In most cases, marketers will tell you that they almost always have a hard time proving to their CFOs that their digital marketing efforts are paying off. Getting sales is one surefire way of showing this and is not that difficult; what’s difficult is pushing online users to an online store.
Challenges occur with pushing online users to brick and mortar stores. Or if you’re creating brand awareness using digital channels and your bosses want to see hardcore results in the real world.
Some of you might argue that you can have systems integrated with your Point Of Sale system to tell you how many sales you are generating through an online campaign. While this may be true, there will always be a large part of your user base that might have seen the marketing message and appreciated it, or made a note of it but have not made a purchase during that particular campaign. Does this mean the campaign is a failure? Of course not! But more often than not, it is the marketing team that seems to take the flack for too few sales.
For one thing, there is no surefire way of measuring the recall of a campaign but rest assured, if the message is memorable, there will be top of mind retention with your potential customers. For another, if you want your marketing to work, there needs to be a holistic approach towards every marketing touchpoint that enables a consistent, concise and memorable customer journey that sooner or later evokes a sale. I have been in the midst of this scenario myself on multiple occasions, and I have to admit, it isn’t very flattering.
My message to all you CEOs and CFOs out there is, If you’ve confident that you’ve hired the right people to handle your marketing, the best thing to do is get out of their way and let them do their job. Too many times, I have seen the efforts of talented marketers either go to waste or go unnoticed because the C-Suite has different plans for the company, and wants to justify the marketing department’s existence in the company based on sales. Or in most cases, the multiple marketing touch-points I mentioned above are either not in place, or weak, resulting in a lackluster and unsuccessful campaign. Metaphorically, it is akin to throwing gasoline on to an unlit flame. No matter how much gasoline you throw, it won’t make a difference. The trick is to infuse some spark into the proverbial fire so that whatever the desired action is, be it likes, impression, calls, downloads, calls, leads etc. can be achieved.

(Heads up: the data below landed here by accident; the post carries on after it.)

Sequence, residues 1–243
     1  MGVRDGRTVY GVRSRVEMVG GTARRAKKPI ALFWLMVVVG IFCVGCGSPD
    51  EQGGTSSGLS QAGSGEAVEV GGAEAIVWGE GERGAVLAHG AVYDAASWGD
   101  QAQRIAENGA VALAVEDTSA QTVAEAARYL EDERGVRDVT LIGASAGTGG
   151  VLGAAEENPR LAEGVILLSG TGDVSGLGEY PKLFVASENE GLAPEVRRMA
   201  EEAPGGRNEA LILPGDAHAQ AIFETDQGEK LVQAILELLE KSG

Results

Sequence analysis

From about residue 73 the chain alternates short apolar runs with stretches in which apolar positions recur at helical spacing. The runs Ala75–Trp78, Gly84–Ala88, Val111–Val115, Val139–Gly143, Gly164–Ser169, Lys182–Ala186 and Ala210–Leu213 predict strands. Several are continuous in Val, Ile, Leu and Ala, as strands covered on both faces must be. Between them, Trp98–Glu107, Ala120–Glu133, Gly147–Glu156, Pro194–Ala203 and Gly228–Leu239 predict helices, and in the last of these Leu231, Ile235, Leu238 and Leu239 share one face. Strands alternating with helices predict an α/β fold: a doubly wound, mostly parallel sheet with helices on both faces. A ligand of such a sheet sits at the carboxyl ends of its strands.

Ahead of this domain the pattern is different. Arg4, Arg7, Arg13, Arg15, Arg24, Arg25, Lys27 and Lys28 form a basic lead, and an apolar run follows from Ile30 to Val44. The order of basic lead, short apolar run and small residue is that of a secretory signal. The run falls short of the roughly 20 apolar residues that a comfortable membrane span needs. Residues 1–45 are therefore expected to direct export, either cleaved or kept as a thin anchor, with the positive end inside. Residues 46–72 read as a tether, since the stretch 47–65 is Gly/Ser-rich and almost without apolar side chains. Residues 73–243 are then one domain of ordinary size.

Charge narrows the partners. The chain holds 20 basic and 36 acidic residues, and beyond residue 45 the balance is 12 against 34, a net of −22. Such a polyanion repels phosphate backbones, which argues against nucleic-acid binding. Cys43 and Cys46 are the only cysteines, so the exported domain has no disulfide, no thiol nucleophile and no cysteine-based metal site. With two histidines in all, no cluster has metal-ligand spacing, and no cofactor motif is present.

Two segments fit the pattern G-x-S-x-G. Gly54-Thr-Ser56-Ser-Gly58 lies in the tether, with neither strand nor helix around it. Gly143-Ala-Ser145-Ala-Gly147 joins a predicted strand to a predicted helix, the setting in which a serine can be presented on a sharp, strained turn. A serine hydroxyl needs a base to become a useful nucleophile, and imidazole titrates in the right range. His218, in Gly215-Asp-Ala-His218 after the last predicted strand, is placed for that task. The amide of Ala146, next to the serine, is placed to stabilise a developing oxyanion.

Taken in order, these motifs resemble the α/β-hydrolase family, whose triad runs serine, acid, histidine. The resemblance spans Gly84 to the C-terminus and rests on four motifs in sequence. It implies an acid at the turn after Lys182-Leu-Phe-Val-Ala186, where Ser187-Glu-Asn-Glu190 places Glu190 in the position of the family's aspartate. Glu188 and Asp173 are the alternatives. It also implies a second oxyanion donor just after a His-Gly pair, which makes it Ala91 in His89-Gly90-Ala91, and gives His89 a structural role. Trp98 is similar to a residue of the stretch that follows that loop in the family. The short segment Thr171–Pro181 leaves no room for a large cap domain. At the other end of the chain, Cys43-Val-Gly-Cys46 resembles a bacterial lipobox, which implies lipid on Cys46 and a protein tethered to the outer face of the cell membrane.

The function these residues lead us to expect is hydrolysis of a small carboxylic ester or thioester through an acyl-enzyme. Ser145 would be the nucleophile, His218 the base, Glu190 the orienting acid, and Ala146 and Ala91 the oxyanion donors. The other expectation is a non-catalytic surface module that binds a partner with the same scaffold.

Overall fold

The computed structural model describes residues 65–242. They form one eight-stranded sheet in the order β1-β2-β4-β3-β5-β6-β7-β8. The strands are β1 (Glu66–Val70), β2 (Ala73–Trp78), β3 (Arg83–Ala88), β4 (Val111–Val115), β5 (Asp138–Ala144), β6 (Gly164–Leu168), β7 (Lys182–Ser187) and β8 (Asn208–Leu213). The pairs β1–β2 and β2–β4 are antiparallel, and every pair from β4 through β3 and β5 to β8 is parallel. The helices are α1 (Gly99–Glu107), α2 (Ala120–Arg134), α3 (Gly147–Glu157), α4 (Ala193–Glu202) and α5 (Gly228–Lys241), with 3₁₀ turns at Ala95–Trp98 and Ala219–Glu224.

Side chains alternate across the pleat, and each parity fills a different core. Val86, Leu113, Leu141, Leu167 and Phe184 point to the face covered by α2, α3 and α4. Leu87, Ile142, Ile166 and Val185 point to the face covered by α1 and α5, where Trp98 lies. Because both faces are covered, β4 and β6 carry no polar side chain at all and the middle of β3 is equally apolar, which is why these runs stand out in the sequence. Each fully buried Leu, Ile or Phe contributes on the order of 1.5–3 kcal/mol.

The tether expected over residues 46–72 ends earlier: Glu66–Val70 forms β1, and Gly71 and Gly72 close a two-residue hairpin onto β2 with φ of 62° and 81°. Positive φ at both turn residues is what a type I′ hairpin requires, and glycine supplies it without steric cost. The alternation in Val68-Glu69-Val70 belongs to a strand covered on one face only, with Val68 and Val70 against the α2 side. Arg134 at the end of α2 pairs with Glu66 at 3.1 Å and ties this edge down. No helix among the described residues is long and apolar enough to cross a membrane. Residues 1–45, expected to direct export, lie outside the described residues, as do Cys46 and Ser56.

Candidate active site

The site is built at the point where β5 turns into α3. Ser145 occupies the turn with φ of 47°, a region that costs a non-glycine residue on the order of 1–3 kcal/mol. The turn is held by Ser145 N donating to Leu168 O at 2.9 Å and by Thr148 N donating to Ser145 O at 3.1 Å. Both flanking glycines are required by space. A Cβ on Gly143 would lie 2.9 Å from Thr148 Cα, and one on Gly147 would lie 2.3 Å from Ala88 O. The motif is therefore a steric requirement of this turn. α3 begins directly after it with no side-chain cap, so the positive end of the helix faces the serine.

So what can we do to ensure that everything is in place before the start of the campaign?
Disseminate information to all internal stakeholders regarding a campaign before it is launched. This should include your sales teams, public relations teams, C-suite, operations teams, legal teams, contact center and everyone else in the spectrum. Sending out emails with detailed information of the campaign, some samples of the content (either static artworks, copies of the video commercials etc.) can help people visualize the campaign and give them an idea of what to expect. Sending out campaign procedures (in case it is a coupon redemption scheme or exchange scheme) also helps in standardizing the approach in handling customers.
As simple as this may sound, you would be surprised to know how few companies actually carry this out. This exercise ensures that every individual and every team is on the same page and knows about the campaign and the mechanics involved.
Make sure you test everything, before going live. If you’re expecting calls, make sure you give your Contact Center a script to ensure consistency in all communications. If it is an email lead generation campaign on a landing page, make sure the clicks get forwarded to the right landing page and that the data is being cached in the format that you desire. If it is an SMS campaign, ensure that your links are unbroken and that they actually work. The key is to figure out all the gaps in the campaign before it goes live so that you can catch the inconsistencies and get them fixed beforehand.
After your campaign, make sure you evaluate the success (or failure) to help figure out where you can do better. This not only helps you understand what not to do again but on a more positive note, helps you understand what is working for you so that you can focus on that aspect of the campaign in future.
In closing, no matter what you do, there is no other formula for a successful campaign than adapting a holistic approach for its success.
Barry Rodrigues is Head of Marketing & Product Development at Future Communications, Kuwait and founder of NexGen Digital. For comments, please email Barry at [email protected]